From 1970 to 1976, Levan Choghoshvili studied at the Tbilisi Academy of Arts. He has been an unofficial artist since 1973. This is a period when Academy of Fine Arts students, including art historians, form groups with common interests. Levan Choghoshvili, Dimitri Tumanishvili, and Giorgi Marjanishvili form such a group. Choghoshvili has been participating in unofficial exhibitions with other unofficial artists since 1976: in the sister’s apartment of Valerian Sidamon-Eristavi (1976), in the hall of the Theater Society (so-called Stella) (1977-1978), and in the exhibition space of Saburtalo Medical Clinic (1979). Before that, Levan Choghoshvili’s counter-composition develops a conceptual, artistic-intellectual, historical-political confrontation with the Soviet ideological environment and artistic reality. Before that, Levan Choghoshvili’s counter-composition develops a conceptual, artistic-intellectual, and historical-political confrontation with the Soviet ideological environment and artistic reality. In 1972, the artist began his first series of paintings on the theme of power and eroticism, “Venus and Marx,” which he completed in 1993. He created his most renowned series, Paintings from Photographs, Pictures from Photographs, even earlier, in 1973, when he intentionally used annexation-pre-Soviet documents and family photographs. Simultaneously, he started working on the first version of “The Assassination of Zurab of Eristavi of Aragvi” in 1975, a new version of which he completed in 1983. This is how historical time and the character appears in Levan Choghoshvili’s oeuvre – 17th-century Georgia, when the interests of Iran, the Ottoman Empire, and Russia clashed, and Zurab Eristavi, a contradictory historical figure, had a pivotal part in determining the country’s fate.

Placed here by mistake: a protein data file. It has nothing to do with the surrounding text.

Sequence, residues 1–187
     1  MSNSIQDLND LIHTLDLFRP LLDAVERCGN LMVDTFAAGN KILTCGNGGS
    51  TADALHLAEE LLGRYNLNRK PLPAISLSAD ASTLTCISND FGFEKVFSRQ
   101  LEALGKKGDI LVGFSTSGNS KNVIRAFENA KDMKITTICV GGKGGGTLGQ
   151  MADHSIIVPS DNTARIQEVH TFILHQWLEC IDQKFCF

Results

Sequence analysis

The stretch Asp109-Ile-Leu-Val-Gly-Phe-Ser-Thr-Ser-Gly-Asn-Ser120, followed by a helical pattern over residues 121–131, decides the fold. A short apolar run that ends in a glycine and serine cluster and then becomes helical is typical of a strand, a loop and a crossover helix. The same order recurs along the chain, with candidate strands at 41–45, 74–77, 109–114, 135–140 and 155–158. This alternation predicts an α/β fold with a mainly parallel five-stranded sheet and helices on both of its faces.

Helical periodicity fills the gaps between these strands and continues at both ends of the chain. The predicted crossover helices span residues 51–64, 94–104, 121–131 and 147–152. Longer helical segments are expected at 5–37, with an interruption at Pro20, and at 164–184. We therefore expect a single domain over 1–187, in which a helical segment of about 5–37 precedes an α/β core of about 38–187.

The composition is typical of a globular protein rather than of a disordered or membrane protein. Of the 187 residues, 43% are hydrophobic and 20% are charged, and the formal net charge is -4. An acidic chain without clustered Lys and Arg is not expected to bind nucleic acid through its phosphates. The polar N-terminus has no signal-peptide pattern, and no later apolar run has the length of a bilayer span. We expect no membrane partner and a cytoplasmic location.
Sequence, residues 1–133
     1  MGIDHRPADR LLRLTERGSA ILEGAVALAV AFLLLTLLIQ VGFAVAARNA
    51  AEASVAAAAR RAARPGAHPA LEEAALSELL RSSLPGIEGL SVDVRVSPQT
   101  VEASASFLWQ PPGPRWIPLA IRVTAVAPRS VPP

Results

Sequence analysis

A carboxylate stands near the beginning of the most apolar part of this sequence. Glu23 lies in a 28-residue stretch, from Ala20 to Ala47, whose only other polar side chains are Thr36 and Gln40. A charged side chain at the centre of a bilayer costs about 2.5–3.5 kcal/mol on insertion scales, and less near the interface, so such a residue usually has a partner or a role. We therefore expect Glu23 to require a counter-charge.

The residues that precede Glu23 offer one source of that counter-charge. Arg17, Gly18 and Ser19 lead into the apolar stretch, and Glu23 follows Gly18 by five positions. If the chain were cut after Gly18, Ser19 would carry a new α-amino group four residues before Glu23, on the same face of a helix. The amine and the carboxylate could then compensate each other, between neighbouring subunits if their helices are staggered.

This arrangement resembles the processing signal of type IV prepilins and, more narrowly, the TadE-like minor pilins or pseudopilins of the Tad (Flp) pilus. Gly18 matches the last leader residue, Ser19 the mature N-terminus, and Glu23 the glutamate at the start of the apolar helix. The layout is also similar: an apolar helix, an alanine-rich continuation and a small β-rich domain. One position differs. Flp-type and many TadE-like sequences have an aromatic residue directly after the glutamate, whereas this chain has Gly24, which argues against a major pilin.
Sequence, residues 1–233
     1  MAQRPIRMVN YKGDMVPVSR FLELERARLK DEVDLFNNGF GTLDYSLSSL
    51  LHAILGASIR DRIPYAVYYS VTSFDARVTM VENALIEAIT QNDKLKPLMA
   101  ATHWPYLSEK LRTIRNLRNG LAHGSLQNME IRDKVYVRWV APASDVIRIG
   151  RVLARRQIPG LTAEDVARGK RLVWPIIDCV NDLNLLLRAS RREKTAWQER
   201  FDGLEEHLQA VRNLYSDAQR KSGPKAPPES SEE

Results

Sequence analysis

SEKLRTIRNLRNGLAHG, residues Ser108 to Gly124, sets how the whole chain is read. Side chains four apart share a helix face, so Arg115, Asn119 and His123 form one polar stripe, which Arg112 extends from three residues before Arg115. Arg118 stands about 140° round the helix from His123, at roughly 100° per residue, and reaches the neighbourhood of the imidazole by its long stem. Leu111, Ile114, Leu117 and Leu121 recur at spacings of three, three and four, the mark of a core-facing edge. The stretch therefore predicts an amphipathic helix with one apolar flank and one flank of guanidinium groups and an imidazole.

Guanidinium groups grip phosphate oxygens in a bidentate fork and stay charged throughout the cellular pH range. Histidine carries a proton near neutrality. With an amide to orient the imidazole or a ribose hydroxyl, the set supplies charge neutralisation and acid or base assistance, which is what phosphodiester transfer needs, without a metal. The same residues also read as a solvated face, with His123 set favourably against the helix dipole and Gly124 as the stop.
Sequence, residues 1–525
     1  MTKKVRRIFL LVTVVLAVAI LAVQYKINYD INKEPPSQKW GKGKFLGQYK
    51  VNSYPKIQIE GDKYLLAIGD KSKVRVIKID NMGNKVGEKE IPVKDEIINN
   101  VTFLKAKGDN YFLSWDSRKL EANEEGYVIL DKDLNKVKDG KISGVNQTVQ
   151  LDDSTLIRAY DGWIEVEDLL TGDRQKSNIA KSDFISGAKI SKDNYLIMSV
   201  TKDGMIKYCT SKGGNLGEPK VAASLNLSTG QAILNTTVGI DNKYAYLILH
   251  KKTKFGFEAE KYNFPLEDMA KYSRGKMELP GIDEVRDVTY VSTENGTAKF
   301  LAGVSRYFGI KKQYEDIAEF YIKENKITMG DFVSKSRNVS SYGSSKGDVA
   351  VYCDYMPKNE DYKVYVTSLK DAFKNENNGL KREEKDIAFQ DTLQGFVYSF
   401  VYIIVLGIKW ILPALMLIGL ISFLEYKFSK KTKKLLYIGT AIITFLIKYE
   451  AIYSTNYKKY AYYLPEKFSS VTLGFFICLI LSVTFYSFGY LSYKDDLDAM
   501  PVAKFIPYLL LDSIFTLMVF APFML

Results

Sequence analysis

Choghoshvili’s choice of this key historical event foretold his art’s future direction. The series “Destroyed Aristocracy” (1973-1989) is polystyrene because it unites different creative methods: Tbilisi, Kajar portrait, Arabic, Persian, Armenian miniature, Polish-Sarmatian, Early Scottish portrait, and the language of modernism, etc. Humans in this series, commonly, earthly humans, exist “in timelessness” as Dimitri Tumanishvili writes, as a result, Choghoshvili appears to “cancel time.” These pictures, which were not available for viewing in exhibition galleries until 1985, are far from historical.
Curiously, the artist is using the photographs as a fountainhead. We would like to reference Dimitri Tumanishvili’s words again: “If most creators view their responsibility in the objectification of the subjective for several centuries, Levan Choghoshvili is a follower of the subjective sensation of the objective”